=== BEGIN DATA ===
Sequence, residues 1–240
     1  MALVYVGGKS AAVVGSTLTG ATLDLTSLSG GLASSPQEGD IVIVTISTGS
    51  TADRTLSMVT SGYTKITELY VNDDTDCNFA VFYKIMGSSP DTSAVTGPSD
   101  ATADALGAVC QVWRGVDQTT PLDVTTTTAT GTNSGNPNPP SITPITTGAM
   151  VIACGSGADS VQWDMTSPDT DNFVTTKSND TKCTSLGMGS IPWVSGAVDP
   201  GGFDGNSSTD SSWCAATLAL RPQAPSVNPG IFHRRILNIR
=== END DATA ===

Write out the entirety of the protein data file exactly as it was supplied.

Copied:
Sequence, residues 1–240
     1  MALVYVGGKS AAVVGSTLTG ATLDLTSLSG GLASSPQEGD IVIVTISTGS
    51  TADRTLSMVT SGYTKITELY VNDDTDCNFA VFYKIMGSSP DTSAVTGPSD
   101  ATADALGAVC QVWRGVDQTT PLDVTTTTAT GTNSGNPNPP SITPITTGAM
   151  VIACGSGADS VQWDMTSPDT DNFVTTKSND TKCTSLGMGS IPWVSGAVDP
   201  GGFDGNSSTD SSWCAATLAL RPQAPSVNPG IFHRRILNIR